The history of parking in St. Louis, especially downtown, could have supplied the National Building Museum with plenty of material. Recall that the site of the Gateway Arch sat as a huge surface parking lot for decades (from the early 1940s all the way to the early 1960s), marring the riverfront and totally disrespecting the original site of the colonial city of St. Louis.

Despite lessons learned since then, St. Louis is still building parking garages for each new development, reducing their urban appeal. There's a recently completed garage at Tucker and Clark; look for new ones to rise with the Kiel Opera House redevelopment as well as the Municipal Courts Building. And those are all contiguous blocks.

As I've argued many times on this site, St. Louis needs a parking plan for its downtown and a zoning code that emphasizes the importance of pedestrian activity and safety over that of vehicular ease of access. With sound planning, the "future of parking" should be a much less lengthy story than its past.


Peter said...

I agree that parking garages have gotten uglier over the years. One parking garage I would mourn the loss over is the Jefferson Arms garage, heavily ornamented, and an example about how we can build future garages

Daron said...

You hit the nail there. Vacant with a terrible wind.

Parking garages by default are alienating. They are quite often vacant, and patrons,once parked, are quite remote. Walking in and out of the garage is time consuming and unsafe. There's usually terrible indoor air quality too.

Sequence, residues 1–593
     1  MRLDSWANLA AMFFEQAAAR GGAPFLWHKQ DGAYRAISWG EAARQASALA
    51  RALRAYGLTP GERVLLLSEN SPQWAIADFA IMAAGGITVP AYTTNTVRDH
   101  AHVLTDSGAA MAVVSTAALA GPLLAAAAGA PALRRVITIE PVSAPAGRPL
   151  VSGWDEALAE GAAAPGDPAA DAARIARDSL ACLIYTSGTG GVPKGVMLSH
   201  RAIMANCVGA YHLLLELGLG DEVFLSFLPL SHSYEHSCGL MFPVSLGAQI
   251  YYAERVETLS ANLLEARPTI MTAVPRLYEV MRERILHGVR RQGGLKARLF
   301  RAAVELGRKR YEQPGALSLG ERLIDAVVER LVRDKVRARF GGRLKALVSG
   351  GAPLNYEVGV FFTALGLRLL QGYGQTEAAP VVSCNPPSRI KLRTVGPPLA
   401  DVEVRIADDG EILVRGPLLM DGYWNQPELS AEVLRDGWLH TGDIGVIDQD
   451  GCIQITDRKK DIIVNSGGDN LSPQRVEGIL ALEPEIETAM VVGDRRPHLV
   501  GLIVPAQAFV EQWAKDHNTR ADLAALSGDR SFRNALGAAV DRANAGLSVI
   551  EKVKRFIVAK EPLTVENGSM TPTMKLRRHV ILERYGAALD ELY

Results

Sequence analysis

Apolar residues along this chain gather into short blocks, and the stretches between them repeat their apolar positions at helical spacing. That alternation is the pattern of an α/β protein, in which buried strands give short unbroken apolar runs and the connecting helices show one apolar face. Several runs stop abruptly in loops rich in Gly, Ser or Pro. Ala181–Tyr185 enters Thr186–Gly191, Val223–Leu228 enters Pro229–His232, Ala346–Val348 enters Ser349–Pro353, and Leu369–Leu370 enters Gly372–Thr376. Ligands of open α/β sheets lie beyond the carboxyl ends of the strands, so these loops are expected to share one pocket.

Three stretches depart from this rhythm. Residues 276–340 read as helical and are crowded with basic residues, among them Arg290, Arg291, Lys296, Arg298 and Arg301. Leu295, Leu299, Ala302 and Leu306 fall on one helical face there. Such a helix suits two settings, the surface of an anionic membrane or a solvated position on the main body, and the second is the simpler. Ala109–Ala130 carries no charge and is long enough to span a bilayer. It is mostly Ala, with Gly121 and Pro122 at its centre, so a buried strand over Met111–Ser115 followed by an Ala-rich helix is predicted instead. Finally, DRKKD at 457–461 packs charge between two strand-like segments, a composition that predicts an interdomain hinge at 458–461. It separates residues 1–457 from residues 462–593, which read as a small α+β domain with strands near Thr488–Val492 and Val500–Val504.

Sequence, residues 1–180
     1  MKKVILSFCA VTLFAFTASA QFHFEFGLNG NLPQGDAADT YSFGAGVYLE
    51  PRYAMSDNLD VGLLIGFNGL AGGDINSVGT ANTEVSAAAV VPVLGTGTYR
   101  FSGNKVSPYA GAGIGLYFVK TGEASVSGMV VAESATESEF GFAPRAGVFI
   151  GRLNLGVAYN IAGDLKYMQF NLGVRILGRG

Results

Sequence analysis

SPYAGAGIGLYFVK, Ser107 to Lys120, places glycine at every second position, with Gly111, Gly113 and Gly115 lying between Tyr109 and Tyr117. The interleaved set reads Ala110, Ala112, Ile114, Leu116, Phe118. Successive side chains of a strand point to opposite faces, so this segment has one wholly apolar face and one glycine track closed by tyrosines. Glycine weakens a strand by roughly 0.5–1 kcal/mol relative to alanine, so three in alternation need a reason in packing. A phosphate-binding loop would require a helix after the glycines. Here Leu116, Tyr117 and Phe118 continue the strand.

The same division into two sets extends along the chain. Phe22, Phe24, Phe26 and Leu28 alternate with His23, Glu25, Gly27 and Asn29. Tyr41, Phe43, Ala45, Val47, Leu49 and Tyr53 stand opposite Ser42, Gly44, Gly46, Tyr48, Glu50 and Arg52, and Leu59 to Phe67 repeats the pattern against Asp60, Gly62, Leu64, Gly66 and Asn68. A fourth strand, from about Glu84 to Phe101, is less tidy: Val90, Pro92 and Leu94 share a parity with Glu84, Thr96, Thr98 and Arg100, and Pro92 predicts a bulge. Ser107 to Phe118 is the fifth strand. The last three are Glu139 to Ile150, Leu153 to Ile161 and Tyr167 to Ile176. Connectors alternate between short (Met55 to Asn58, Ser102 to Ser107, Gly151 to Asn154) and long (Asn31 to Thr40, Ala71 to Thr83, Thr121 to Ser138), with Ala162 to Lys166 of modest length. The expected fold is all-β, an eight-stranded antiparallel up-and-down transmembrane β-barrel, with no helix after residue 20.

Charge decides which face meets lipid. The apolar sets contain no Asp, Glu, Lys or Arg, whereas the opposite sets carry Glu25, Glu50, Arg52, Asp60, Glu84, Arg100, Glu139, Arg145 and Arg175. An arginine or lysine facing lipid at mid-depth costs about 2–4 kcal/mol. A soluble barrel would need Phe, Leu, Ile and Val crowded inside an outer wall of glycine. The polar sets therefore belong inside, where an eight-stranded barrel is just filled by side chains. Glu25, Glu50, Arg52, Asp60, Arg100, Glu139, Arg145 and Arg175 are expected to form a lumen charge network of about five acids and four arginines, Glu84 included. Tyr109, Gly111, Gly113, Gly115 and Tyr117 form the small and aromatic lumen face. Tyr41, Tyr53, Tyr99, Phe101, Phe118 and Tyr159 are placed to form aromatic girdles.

As parking garages are monuments of vacantness, they are the antithesis of Jacobs' Eyes on the Street concept that is so important to a healthy city.

I firmly believe that the best parking garage lets you park your car at its entrance and pick it up there too. If the process is automated and the entire thing sunk in the ground then the surface footprint is no larger than a single parking spot.

If you raise it in the air instead of sinking it, then it should be made to be a decorative tower of placeness for everyone to see and orient themselves by.


towers for placeness,

sorry for throwing out the same link twice and for using your blog to advertise my own ideas, but I do agree with you. I just feel this terribly strong compulsion to share my thoughts!

Any thoughts on the parking garage north of the arch?

Daron said...

This was on NPR,

Parking Garages: A Multilevel History